Which does not dereference NULL but rather dereferences address 100. If this does not crash, and address 100 happens to contain 0, then this test will pass.

share|improve this answer
When my OS sets my wallpaper to a Sponge Bob image if I deference a NULL pointer, I'll turn it back :-P BTW malloc is not failing here, *result is not NULL, it is 0x341000 in the process address space. It is the name->data that is NULL and this is okay, as the data I parsed may not contain a name... that it should have a name according to customer and there might be an error in the parse function as well is another issue I guess. –  Mecki Aug 26 '09 at 14:28
Thanks for the clarification, see edit. –  Tyler McHenry Aug 26 '09 at 14:38
But, as the OP points out, information->kind.name->length must be zero because he knows that realLength is 1. –  Martin B Aug 26 '09 at 14:53

The effect of dereferencing the null pointer is undefined by standard as far as I know.

According to C Standard

If an invalid value has been assigned to the pointer, the behavior of the unary * operator is undefined.

So there could be crash or could be not.

share|improve this answer
Does this only hold true for C as a language or does this also hold true for UNIX according to POSIX standard? Since the most common behavior you see in UNIX when dereferencing a NULL pointer is that the application gets a signal which ususally terminates it. At least that's what I would expect as developer. –  Mecki Aug 26 '09 at 14:18
Yes, this holds true for C as a language. Undefined means anything could happen. Depending on or expecting any particular thing to happen is a bad idea -- because it might not do what you expect, even across runs of the same program on the same platform. –  Nick Meyer Aug 26 '09 at 14:20
The most common behaviour, in your customer's case, doesn't mean anything. Which is why you have to stick to the standard instead of implementation-specific quirks. –  Michael Foukarakis Aug 26 '09 at 14:28

You may be experiencing stack corruption. The line of code you are refering to may not be being executed at all.

share|improve this answer
Hmmm... this is a possibility. Hard to check without being able to step through the code. What makes things a bit more complicated is that the whole function containing the code is inlined into another one, not because I use the inline attribute, but because GCC thinks it is a good idea to do so when optimization flags are used. –  Mecki Aug 26 '09 at 14:20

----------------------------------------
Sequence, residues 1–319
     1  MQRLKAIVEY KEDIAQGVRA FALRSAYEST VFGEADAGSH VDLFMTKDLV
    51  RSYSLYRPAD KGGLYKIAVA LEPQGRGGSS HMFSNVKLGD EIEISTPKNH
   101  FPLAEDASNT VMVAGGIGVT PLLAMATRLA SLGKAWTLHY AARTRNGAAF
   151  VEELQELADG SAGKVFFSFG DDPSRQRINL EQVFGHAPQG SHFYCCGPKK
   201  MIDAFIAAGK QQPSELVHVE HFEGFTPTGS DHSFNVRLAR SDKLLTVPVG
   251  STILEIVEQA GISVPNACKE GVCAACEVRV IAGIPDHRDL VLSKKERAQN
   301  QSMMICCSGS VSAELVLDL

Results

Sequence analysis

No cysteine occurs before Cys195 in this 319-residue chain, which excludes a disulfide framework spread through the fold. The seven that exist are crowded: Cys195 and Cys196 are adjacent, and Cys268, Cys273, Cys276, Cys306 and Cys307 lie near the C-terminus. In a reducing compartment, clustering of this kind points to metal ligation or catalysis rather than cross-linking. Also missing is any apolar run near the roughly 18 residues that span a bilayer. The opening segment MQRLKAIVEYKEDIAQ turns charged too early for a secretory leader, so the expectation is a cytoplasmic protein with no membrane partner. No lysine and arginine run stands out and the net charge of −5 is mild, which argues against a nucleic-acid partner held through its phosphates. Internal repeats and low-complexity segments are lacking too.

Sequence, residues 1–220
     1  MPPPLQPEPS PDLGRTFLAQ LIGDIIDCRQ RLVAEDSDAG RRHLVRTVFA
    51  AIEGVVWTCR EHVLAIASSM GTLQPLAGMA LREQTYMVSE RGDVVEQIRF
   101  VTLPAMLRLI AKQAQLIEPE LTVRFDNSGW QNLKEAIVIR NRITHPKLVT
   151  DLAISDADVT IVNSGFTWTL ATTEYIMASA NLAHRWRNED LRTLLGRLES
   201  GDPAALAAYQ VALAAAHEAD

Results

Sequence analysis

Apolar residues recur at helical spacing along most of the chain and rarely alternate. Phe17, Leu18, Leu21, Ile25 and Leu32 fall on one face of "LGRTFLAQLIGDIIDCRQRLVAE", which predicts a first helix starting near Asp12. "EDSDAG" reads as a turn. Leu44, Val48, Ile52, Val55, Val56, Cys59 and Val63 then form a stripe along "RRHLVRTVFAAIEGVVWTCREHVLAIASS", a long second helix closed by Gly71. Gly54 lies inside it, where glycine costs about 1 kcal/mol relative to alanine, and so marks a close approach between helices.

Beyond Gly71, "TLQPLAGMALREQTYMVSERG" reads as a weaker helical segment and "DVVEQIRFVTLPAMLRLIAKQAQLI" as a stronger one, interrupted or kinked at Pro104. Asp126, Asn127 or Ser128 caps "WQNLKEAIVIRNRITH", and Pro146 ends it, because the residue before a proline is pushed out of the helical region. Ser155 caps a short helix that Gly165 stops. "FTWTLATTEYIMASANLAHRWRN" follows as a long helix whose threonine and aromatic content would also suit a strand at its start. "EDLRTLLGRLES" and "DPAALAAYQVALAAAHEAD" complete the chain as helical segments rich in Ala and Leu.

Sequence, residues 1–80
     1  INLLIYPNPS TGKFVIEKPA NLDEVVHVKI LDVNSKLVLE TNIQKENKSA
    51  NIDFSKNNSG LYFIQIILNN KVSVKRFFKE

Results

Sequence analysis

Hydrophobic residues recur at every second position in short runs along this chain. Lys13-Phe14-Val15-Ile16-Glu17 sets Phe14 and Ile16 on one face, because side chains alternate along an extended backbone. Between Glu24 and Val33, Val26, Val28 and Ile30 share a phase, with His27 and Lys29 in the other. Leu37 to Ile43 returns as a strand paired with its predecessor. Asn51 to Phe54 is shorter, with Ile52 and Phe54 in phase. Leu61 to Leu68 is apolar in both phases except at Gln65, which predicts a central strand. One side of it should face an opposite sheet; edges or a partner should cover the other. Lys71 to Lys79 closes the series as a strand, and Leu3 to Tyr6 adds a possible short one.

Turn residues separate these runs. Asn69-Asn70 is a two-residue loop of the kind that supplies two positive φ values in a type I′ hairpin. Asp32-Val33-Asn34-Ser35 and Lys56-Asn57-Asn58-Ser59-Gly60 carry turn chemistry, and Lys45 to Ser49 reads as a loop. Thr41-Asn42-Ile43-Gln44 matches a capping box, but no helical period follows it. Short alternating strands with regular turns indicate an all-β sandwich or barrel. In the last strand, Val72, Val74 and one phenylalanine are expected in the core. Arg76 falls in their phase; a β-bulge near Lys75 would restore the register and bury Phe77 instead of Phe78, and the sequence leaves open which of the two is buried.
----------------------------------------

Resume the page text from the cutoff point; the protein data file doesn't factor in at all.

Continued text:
My theory is that information->kind.name->length is a very large value so that information->kind.name->data[information->kind.name->length] is actually referring to a valid memory address.

share|improve this answer
Another idea that came to my mind. If length is > 4095 I access memory after the first memory page (the NULL guard page with no read/write permission that usually cause the signal on access) and this will indeed not crash. What speaks against that is that realLength is 1 after adding 1 to the length value, so the length value must have been zero before. –  Mecki Aug 26 '09 at 14:33

The act of dereferencing a NULL pointer is undefined by the standard. It is not guaranteed to crash and often times won't unless you actually try and write to the memory.

share|improve this answer
Thought about this as well, but first strlcpy will not try to write to the NULL pointer either (it just reads from it, I have the right source of it here) and second this is in OS X, where a NULL pointer is just a pointer to first memory page of a process and this page has neither read nor write permission, so also when you try to read from it the program gets a SIGBUS signal. –  Mecki Aug 26 '09 at 14:17

As an FYI, when I see this line:

if (information->kind.name->data[information->kind.name->length] != '\0') {

I see up to three different pointer dereferences:

  1. information
  2. name
  3. data (if it's a pointer and not a fixed array)

You check information for non-null, but not name and not data. What makes you so sure that they're correct?

I also echo other sentiments here about something else possibly damaging your heap earlier. If you're running on windows, consider using gflags to do things like page allocation, which can be used to detect if you or someone else is writing past the end of a buffer and stepping on your heap.

Saw that you're on a Mac - ignore the gflags comment - it might help someone else who reads this. If you're running on something earlier than OS X, there are a number of handy Macsbugs tools to stress the heap (like the heap scramble command, 'hs').

share|improve this answer